Whether they care to admit it or not, people love to compare themselves – and to see others compared – against their peers to see where they rank. In today’s world of social media ‘likes’, celebrity culture, and continuous political polling, the media is constantly awash with these types of stories. Which party leader is viewed as most credible? How do celebrities stack up from the A to the Z list?
The concept of ranking is equally powerful when applied to corporate thought leadership. In this context, an index that ranks various items is an incredibly useful tool – by pitting country versus country, city against city, or industry competitors against one another – and one that is ripe for attention-grabbing headlines.
But as a complex and involved piece of research, there are inevitably various things to be aware of when deciding if this is the fit for you.
There are winners—and losers
One of the great things about indexes from a press perspective is that they generate lots of really juicy stories for the media to push out about which companies, governments or countries are excelling.
On the flip side, when you rank anything, someone or something has to come last. And it’s here where sometimes concerns can be raised. Quite simply: will this be perceived negatively by our target audience?
But by changing the lens, you can get different stories emerging. Indexes enable you to present findings in alternative ways — as clusters or performance bands, for example. Or the classic 4-box grid beloved by consultants, which doesn’t explicitly denote winners and losers.
Done right, it can work for the press—and practical purposes
Every day, senior business leaders make decisions that might shape their company’s future in one direction or another. To make the right decisions in today’s complex and volatile business environment, they need to draw on an increasingly broad range of information sources. As the CEO of a multinational professional services firm recently told us: “The days of the ‘imperial’ CEO are over”.
Curating a market index means condensing a substantial amount of data into a comparable, like-for-like format, with easy-to-digest findings. In turn, this can generate fresh intellectual property for your brand that is of high commercial value for your clients and prospective clients, not least by throwing up a wealth of potential correlations to explore.
The Barclays Africa Trade Index, for example, addresses a topic where commercial information is in high demand, yet there is a dearth of useful information to date. The index provides a measure of the relative degree of openness to trade across 31 Sub-Saharan African countries. This information is both inherently interesting for coverage, but also practically useful for business leaders exploring entry into these markets.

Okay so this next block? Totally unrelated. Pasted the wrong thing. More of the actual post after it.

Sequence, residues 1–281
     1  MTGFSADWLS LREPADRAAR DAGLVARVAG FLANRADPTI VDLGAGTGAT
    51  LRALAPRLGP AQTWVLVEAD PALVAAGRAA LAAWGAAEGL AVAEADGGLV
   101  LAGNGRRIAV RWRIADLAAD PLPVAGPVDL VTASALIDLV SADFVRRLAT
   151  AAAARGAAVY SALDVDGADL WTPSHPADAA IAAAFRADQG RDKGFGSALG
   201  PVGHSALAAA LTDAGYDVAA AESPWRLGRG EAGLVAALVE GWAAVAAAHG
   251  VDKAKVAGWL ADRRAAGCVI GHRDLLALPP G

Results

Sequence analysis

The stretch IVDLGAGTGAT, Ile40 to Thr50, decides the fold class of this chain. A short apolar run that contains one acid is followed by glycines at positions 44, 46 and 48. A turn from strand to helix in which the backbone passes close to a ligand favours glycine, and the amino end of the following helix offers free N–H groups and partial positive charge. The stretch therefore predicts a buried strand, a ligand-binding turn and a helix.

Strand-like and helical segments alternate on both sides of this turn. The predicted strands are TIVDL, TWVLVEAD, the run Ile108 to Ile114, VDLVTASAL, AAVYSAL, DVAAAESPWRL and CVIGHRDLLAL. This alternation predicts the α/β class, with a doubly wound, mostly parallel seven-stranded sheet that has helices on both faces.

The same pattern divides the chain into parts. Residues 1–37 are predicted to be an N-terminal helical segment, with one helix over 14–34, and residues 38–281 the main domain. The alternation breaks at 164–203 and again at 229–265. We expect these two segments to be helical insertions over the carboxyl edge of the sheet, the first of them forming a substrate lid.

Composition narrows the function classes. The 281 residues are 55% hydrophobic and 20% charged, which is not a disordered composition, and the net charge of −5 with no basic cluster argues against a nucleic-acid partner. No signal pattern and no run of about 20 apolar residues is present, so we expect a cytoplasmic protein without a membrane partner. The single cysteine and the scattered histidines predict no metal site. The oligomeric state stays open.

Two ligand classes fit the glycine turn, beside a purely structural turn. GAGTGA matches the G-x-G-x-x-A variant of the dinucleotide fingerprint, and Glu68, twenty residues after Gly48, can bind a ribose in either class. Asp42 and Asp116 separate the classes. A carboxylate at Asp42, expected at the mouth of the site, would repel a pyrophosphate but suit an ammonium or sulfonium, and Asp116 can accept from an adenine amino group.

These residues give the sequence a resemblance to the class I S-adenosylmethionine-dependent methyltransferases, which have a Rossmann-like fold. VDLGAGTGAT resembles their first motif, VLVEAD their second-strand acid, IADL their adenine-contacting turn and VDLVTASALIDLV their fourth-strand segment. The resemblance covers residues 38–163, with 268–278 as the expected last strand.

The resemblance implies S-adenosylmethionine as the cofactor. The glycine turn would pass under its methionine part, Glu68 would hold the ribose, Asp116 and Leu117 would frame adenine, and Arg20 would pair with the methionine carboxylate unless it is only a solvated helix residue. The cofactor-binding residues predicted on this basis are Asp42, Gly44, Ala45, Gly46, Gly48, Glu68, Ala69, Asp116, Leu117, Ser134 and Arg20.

Owning your niche
If you can find a market niche that aligns with your own commercial objectives in some way, building an index can cement your brand as a go-to provider for market intelligence.
To maintain this position, and to preserve relevance and credibility, it’s worthwhile thinking about an index as something that could potentially act as a longer-term investment, rather than a one-off opportunity (even if it starts that way). By repeating the research year-upon-year – or whatever frequency makes sense – new possibilities open up to offer not only a geographical or sector perspective, but to grow your knowledge about how trends are evolving over time.
An example of this is IBM’s consistent investment in tracking the e-readiness of the world’s largest economies over a number of years, a ranking that for a long time time became synonymous with the company itself.
This also highlights a point about the timeliness of the data. Some indexes necessarily refresh more frequently (think of the Economist’s Big Mac index), others would do so much more slowly (think of the Lien Foundation’s ranking of preschool education globally; or Siemens’ Green City Index).
Is it right for your brand?
But while an index can be a powerful thought leadership technique, it is not a cure-all solution. Before considering an index you need to ask a few key questions for starters:
- Is there a suitable market niche that we can capture, which hasn’t been extensively covered already? The less well covered a topic is, the more likely it can be to attract outside attention.
- Are the necessary datasets readily available, and how frequently are they published? And, importantly, is the data comparable on a like-for-like basis?
- Will the results have an inherently good fit with our overall messaging, regardless of who performs well or badly?
- Perhaps most importantly of all, is it interesting?
This post was co-authored by Federica Sestili, intern at Longitude Research